It is perhaps still not obvious to all that the Internet is a cesspool of information as much as it is a treasure trove of disinformation (Dr Google is a liar; Dec 18).
Many patients mistake spiels and thinly veiled advertisements for bona fide information, spuriously spun gobbledegook for genuine research and convoluted conspiracy theories for alternative facts - such is the power of a combination of open source disinformation and all-believing naive minds.
Constantly bombarded by pseudo purveyors of health, the misinformed buy into expensive and worthless health supplements and machinery that promise to be elixirs of life, meanwhile spurning the basic tenets of healthy living that would naturally increase their longevity without much financial cost. It is enticing to think health comes expediently out of a bottle and to gleefully forsake the discipline that proven regimes of dieting and exercising demand.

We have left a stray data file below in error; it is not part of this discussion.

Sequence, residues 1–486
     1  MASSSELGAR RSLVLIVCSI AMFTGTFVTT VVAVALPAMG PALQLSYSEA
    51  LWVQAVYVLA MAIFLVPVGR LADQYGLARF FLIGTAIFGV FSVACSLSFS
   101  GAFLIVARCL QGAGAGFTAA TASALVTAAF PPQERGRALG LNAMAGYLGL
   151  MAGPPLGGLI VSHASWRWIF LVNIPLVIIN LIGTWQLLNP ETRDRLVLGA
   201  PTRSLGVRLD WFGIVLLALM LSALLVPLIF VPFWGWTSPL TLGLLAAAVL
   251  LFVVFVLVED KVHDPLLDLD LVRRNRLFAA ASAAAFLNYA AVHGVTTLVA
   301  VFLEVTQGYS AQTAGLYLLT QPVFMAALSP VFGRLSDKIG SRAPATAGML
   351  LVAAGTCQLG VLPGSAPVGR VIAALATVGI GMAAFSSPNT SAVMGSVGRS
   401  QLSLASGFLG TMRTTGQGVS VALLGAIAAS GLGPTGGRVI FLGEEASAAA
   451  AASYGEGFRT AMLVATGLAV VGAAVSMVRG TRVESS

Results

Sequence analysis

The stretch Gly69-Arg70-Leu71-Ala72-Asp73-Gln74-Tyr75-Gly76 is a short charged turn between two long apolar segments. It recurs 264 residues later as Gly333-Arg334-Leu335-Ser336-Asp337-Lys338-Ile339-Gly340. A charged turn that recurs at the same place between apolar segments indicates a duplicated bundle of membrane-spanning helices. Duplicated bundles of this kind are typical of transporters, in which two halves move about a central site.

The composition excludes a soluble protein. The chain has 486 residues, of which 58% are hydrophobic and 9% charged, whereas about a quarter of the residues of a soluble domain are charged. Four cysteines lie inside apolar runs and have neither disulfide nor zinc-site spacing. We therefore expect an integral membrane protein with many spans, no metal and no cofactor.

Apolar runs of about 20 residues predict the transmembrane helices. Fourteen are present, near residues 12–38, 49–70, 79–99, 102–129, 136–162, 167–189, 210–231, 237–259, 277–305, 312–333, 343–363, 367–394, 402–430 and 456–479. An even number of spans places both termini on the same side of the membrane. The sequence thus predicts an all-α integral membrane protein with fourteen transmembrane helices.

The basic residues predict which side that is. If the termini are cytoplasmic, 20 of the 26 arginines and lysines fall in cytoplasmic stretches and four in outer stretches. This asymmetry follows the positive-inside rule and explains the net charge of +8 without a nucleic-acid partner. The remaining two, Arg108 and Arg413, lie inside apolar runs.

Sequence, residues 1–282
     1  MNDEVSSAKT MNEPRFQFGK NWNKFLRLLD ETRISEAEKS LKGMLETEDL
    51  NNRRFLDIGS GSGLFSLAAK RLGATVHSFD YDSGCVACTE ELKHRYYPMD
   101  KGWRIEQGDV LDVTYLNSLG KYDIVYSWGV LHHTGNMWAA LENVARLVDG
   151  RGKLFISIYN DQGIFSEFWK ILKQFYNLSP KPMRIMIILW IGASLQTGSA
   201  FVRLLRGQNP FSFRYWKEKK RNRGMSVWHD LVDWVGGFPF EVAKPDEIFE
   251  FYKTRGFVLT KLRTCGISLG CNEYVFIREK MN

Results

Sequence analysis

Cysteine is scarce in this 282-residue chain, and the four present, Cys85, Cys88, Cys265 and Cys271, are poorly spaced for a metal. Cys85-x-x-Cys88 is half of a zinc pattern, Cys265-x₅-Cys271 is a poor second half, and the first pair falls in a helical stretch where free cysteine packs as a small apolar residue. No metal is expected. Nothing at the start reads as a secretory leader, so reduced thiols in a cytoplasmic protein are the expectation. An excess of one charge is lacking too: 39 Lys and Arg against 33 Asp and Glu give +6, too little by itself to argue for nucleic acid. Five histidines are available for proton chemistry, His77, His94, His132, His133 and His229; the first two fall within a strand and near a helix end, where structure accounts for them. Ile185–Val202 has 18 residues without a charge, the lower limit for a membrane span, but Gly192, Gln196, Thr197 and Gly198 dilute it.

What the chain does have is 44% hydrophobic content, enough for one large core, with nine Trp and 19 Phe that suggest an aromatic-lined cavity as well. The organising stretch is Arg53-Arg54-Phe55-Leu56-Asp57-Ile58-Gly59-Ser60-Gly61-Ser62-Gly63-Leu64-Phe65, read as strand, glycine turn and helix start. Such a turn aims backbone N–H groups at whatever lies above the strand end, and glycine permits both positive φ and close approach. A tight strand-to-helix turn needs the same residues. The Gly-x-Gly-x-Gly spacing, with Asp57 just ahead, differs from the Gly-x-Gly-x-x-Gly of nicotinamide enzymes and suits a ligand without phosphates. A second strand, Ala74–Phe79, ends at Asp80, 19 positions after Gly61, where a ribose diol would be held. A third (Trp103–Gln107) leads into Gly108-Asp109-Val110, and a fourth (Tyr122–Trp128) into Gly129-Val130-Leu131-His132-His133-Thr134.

That our children, through compulsory inoculations (at least in Singapore), no more succumb to childhood diseases, which were the scourge of the past, is lost on vaccine naysayers.
That our longevity has almost doubled between the last century and this because of better nutrition and sanitary conditions, along with better recognition and treatment of diseases by the medical fraternity, is lost on those who eschew conventional therapy in favour of charlatans peddling their snake oil.
But history is replete with glib conmen and their victims who chose to be defrauded.
It is enticing to think health comes expediently out of a bottle and to gleefully forsake the discipline that proven regimes of dieting and exercising demand.
This era is no different from any other, even with the provision of better education which seems to have made us more discriminating, just not wisely.
Yik Keng Yeong (Dr)